Steve Carell plays John Eleuthère du Pont, yes from the wealthy East Coast du Pont family who earned their fortune manufacturing and selling gun powder during America's early wars. In the 1980s, du Pont developed a fascination for the sport of wrestling and decided to "adopt" the United States Olympic Wrestling Team, despite not having any expertise in the sport.
Here's a list of what we think the filmmakers did right.
John du Pont lived on a sprawling East Coast estate with his cold, horse-obsessed mother, Jean (Vanessa Redgrave). When he brought the U.S. wrestling team to live and train with him, they took the name Team Foxcatcher. Wrestler Mark Schultz (Channing Tatum) evolves into du Pont's glorified pool boy, the two traveling by private jet together, snorting coke and doing all the other strange things people with too much money on their hands do.
Known for comedy, Carell is just starting to explore his dramatic side in films. To accurately play the idiosyncratic John du Pont, he not only wore a prosthetic nose, but also watched hundreds of hours of du Pont's real coaching videos. "I listened to [du Pont's] cadence. Not only how he spoke physically, but the actual words he chose to express himself," Carell said. We think it paid off.
Early in the film, brothers Dave (Mark Ruffalo) and Mark Schultz practice wrestling moves, alone in their gym. The scene has a dancelike quality to it with Dave gently correcting his little brother Mark when he makes a mistake. "There's a real tenderness between them and so much unspoken communication. It's as intimate as two men can be without being lovers," Ruffalo said. Quickly, however, Mark's envy of his brother takes over, and he inflicts some non-brotherly violence on Dave, reflecting the overall arc of the movie.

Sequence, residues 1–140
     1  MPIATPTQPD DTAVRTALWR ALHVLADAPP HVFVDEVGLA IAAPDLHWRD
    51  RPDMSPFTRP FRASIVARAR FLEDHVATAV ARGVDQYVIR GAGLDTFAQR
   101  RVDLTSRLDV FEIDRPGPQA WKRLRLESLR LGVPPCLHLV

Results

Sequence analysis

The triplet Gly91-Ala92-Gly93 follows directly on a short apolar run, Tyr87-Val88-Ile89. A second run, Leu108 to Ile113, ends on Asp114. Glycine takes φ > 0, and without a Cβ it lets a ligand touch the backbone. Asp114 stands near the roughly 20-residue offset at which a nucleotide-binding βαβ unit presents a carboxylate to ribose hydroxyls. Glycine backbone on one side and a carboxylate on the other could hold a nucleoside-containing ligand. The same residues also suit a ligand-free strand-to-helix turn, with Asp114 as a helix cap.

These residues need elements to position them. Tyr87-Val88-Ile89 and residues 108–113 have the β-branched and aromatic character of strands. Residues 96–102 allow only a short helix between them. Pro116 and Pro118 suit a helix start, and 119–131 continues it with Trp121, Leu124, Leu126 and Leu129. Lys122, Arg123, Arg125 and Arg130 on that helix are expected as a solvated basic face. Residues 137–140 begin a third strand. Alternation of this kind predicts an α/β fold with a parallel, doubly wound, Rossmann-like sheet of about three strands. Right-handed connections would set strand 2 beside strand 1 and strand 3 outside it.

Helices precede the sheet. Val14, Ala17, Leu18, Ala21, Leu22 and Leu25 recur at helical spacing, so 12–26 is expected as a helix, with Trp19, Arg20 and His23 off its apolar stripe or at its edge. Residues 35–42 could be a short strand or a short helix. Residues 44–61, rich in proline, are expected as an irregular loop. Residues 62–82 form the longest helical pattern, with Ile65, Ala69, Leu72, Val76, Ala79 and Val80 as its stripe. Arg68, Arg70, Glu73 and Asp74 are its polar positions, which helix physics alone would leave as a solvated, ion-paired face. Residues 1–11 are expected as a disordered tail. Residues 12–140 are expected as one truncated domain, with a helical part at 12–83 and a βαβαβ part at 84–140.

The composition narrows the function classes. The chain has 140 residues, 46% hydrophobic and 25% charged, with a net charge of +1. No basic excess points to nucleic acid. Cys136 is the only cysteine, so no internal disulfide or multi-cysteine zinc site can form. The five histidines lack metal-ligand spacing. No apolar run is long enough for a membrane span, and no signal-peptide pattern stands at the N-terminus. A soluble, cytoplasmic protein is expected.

Here are some of the things we think the filmmakers got wrong.
While Redgrave is fabulous in the few scenes she has, there simply aren't enough of them, and the ice queen mother's absence leaves a hole in the story. So much of John du Pont's arrested development was as a result of his relationship with his mother, but we get to see very little of that in the movie. If she's truly the evil witch, we want to see more. Instead, we are left to guess at the details of their dynamics beyond the fact that Jean loved her horses more than her son.
We think the intention of the director Bennett Miller was probably to create a slow burn in this film, possibly in hopes of replicating the style of many movies made in the 1970s like Badlands or Taxi Driver. But the movie is way too meditative for a sports film that promises rough physicality. OK, so it's not a traditional sports film, but neither was The Wrestler with Mickey Rourke, but its pacing was incredibly dynamic. At two hours and 14 minutes, Foxcatcher could seriously stand to lose a good 30 minutes.
We love Ruffalo, particularly in films like The Kids Are All Right. But we didn't quite buy him as the famed gold-medal winning Dave Schultz — and neither did the current U.S. wrestling team, many of whom were hired as extras on the film. In fact, several real wrestlers approached Ruffalo and told him so. To persuade the real wrestlers to get on board with Ruffalo, the director had the actor suit up and wrestle with them. "This was actually an audition for me to win them over — I knew I couldn't blow it," said Ruffalo, who did finally impress them with his moves. We just think Bradley Cooper, Gerard Butler or Joe Manganiello would have been more believable choices.
When du Pont befriends Mark, it's clear du Pont is an incredibly lonely man, struggling to give meaning to his own life. Because of his difficult childhood, young Mark is in need of a father figure. But du Pont almost seems to be obsessed with Mark, making us wonder if he was sexually attracted to the wrestler. We're not saying we need to know if du Pont was explicitly gay or straight or somewhere in the middle. We just wish we had a bigger window into his motivations and desires.
All really compelling biopics, like A Beautiful Mind or Amadeus, take a specific point of view about their subject and make assumptions about the inner workings of that person's mind. Oftentimes, however, filmmakers are too afraid to invent any information, leaving the story, as a whole, unsatisfying.
Foxcatcher opens on Friday, Nov. 14.
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